Oh dear, you’ll make me feel guilty. I just dug up lots of daylily rhizomes that were overcrowded and I couldn’t be bothered potting them up, so out they went! You are much more generous, potting up your Trads to give away.

    • June 14, 2012 11:13 pm

      Ricki and Lyn, I must admit that I find it very difficult to throw away good plants — so I either look for somewhere else in my garden to put them (which sometimes inspires new flower beds :-)) or I look for homes for them. I’m not sure yet where I’m going to re-home these. I can see the appeal of plant swaps for this purpose!

  8. June 12, 2012 2:55 pm

    I too haven’t got the heart to discard seedlings when I find them in the flowerbeds. Friends and neighbours are always happy to take them off my hands, and even more exited that the seedlings are free.

    • June 14, 2012 11:15 pm

      Allan, I’m glad to know that I’m not the only one who can’t bear to discard seedlings. When I’m in Pennsylvania, I advertise my divisions on the electronic digest at work and they go like hotcakes. I don’t yet have a good system for advertising/soliciting homes for my Maine seedlings — something I need to work on.

  9. June 12, 2012 8:33 pm

    Sounds like you have a lot of design decisions to figure out. I sympathize as I have avoided any gardening around the outside of our house due to lack of decisions about repairing porches and walkways. There must be something about front doors – we don’t even have a key for ours.

    • June 14, 2012 11:18 pm

      Marguerite, Right now, everything to do with the front of my property is on hold until I find an architect and a contractor and get the house addition project underway. Meanwhile, though, I still have several back garden projects that need completion. Eventually, the front will get taken care of. (I’m hoping to get it all completed by the time I’m 75 :-))

  10. June 13, 2012 1:21 pm

    Sounds like a summer long project. Donna from GWGT is coming to visit me on Cliff. We wondered if you wanted to get together.

    • June 14, 2012 11:20 pm

      Carolyn, This needs to go on a long list of summer projects, and I really don’t think it makes sense to put a lot of energy into something that will just have to be torn up in a couple of years. I think what’s going to happen this year will be more like a weekend-long project — weeding and more woodchips!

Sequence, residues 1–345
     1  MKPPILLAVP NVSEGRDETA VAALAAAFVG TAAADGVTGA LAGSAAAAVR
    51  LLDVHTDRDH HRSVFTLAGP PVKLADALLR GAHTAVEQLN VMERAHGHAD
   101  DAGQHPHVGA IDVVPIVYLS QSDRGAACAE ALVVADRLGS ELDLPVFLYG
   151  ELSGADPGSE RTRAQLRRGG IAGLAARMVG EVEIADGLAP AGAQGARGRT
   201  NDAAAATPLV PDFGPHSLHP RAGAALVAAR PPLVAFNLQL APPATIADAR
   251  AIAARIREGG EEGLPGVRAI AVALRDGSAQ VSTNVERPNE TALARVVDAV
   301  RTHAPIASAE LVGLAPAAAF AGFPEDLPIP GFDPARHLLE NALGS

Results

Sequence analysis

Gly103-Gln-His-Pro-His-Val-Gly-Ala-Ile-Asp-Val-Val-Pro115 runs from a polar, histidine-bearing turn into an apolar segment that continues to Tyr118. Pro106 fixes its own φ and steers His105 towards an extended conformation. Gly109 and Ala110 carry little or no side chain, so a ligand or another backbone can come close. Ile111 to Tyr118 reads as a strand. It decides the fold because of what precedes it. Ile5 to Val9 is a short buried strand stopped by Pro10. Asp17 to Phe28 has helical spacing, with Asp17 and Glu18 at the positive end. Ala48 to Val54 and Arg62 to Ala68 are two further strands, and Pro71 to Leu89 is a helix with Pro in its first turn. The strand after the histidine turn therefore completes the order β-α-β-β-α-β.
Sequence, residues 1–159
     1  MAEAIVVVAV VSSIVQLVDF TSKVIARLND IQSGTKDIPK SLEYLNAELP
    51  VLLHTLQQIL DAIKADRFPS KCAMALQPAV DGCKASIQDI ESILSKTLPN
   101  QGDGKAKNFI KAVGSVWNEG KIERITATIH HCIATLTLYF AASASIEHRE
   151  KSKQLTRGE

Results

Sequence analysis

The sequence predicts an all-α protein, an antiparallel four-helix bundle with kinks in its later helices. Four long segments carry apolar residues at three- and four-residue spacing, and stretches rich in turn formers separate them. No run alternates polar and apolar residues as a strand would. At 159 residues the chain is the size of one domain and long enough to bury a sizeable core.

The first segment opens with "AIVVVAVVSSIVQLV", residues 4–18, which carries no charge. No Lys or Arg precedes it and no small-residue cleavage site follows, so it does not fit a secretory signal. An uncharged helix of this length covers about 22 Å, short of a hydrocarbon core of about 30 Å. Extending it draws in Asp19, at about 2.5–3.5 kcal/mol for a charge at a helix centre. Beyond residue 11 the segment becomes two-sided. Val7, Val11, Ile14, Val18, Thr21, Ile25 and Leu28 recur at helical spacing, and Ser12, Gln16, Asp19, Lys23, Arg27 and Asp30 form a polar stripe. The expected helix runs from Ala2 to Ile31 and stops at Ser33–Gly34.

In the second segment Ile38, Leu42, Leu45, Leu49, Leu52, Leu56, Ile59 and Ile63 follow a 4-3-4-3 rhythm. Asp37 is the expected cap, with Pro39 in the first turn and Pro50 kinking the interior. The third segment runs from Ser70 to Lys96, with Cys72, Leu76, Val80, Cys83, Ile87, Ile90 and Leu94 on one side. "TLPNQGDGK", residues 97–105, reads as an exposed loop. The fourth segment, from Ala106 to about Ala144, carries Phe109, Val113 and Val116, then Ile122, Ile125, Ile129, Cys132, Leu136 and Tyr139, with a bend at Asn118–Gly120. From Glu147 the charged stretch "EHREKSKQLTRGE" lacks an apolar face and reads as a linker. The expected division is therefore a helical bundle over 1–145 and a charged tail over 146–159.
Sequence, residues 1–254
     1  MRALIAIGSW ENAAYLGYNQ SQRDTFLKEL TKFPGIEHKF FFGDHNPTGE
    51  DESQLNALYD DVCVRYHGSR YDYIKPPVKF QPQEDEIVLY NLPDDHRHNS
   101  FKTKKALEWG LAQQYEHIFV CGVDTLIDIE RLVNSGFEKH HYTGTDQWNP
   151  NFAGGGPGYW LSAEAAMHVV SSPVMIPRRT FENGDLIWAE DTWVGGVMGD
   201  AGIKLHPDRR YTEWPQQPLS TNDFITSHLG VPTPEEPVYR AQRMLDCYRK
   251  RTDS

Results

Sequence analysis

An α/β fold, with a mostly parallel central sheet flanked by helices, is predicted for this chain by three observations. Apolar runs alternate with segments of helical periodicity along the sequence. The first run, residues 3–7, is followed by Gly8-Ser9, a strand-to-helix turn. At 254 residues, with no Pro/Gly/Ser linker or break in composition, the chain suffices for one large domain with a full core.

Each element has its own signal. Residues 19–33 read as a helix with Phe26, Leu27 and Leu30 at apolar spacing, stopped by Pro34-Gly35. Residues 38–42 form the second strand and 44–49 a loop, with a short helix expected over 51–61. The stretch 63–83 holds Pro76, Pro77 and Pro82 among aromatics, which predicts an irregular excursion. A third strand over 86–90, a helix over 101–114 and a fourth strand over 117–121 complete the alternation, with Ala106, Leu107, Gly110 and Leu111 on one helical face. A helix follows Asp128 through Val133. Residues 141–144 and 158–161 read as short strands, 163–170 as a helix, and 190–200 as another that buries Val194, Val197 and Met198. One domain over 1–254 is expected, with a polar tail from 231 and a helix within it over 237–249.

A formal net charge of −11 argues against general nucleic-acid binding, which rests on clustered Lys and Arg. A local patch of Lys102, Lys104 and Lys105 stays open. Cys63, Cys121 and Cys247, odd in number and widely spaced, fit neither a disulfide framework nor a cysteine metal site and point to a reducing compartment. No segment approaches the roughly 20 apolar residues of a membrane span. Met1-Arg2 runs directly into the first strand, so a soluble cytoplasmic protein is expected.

I’m definitely interested in getting together with you and Donna.

  11. June 13, 2012 4:10 pm

    It’s funny how we all end up envying the gardens of others. I struggle to get even the most rampant self-sowing plants to…well…self sow! It’s so dry here during the summer months, that unless a seed per chance lands near an irrigated area, it’s highly unlikely to amount to much. At least your tradescantia is pretty, even if a little weedy, and sounds like it will be easier to manage than the wretched Sheep Sorrel I’m fighting with this week. Can I trade you? 😉

    • June 14, 2012 11:23 pm

      Clare, I find it hard to get really upset about all the tradescantia seedlings. I put them in the same category as the Siberian iris seedlings — they’re pretty, and I generally consider them desirable plants in inconvenient locations. If I were going to trade you something for your wretched Sheep Sorrel, it would more likely be my rampant, thorny blackberries — plants that bite and scratch!

  12. June 13, 2012 5:26 pm

    The old “cascading” projects bind–where you want to do x but really can’t until you do y, and you really shouldn’t do y until you’ve accomplished z. Hope you find a satisfying temporary solution for the walkway until you can get to the addition and front landscaping. Since you don’t use the front door, maybe just a sign across the walkway that says “Here be dragons”…? 😀

    • June 14, 2012 11:26 pm

      Stacy, I always have about ten years of projects waiting in the wings — so it’s not like I don’t have other things to work on while I’m waiting to get to the front landscaping. (I used to joke that if I washed out of academia, I was going to have a career as a five-year planner for the Kremlin :-)) I like your creative sign solution!